Our kids are happier, healthier and less likely to be taking drugs than they were five years earlier.
That is the broad interpretation of the findings of a study on Vancouver Island teens conducted in 2013 and released last month.
Undertaken by the McCreary Centre Society, a Vancouver-based non-profit youth health organization, the study focused on Grade 7 to 12 students in the Cowichan, Nanaimo, Qualicum and Alberni school districts and followed on the heels of similar surveys in 2003 and 2008.
“We have seen great local improvements in areas such as substance use that show young people are making some good choices about their health,” McCreary Society executive director Annie Smith said.
The centre does not release the results on a school by school basis, so a specific breakdown for Ladysmith was unavailable.
But overall, it showed a majority of local high school students felt connected to their family, school, and community; had positive plans for the future; and were engaging in health promoting behaviours which will assist them to transition successfully to adulthood.
Among the specific improvements from 2008 to 2013:
• Fewer students are needing physical medical attention (29% instead 35%)
• Fewer students are missing out on needed mental and physical health care treatment (9% instead 15%)
• The percentage of students experimenting with tobacco dropped (from 30% to 24%)
• The percentage of students experimenting with marijuana dropped (from 40% to 30%)
• The percentage of students experimenting with alcohol dropped (from 64% to 53%)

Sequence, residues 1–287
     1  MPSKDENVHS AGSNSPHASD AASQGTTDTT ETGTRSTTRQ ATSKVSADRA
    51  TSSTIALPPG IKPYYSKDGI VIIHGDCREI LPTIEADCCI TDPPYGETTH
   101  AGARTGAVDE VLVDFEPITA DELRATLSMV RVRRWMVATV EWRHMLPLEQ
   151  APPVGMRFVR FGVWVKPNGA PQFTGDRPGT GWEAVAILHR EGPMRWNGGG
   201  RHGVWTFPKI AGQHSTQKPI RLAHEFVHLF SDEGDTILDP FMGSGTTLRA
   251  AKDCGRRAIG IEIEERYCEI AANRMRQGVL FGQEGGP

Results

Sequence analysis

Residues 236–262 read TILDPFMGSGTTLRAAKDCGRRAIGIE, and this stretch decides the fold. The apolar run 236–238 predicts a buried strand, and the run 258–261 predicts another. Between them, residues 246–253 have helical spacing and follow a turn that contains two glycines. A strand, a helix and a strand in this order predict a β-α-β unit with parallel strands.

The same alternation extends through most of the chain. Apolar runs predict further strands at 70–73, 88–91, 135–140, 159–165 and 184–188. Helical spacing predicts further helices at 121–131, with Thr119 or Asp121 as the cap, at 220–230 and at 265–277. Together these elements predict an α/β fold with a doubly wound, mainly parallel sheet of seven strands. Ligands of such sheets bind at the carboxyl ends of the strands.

Meanwhile, the percentage of students experiencing forms of harassment dropped, and a higher percentage of youth reported they felt safe compared to any previous study year.
And 86% of students surveyed considered themselves in good or excellent physical health, and 80% in good or excellent mental health
While those findings are all positive, survey organizers are concerned there has been no improvement in one of the most crucial areas: the amount of suicides and incidents of self-harm.
The survey showed 22% of females and 7% of males had deliberately harmed themselves without the intention of killing themselves in the past year.
Another area that raised red flags was lack of sleep. According to Smith that could have serious repercussions.
“We see a direct relationship between getting enough sleep and positive mental health, yet 45% of local students did not get eight hours of sleep on the night before taking the survey and over three-quarters were online or on their phone after their parents expected them to be asleep,” she said.
The 130-question survey was designed to consider emerging youth health issues and to track trends in risky behaviour and healthy practices over time.
Some other findings:
• 70% identified as “European,” 14% as “Aboriginal
• 70% spoke only English at home
• 81% of students identified as “completely straight,” 5% as gay, lesbian or bisexual
• 82% lived with their mother/stepmother most of the time, while 68% said the same about their father/stepfather
• 4% live, or have lived in some form of government care
Read the entire report at http://www.mcs.bc.ca.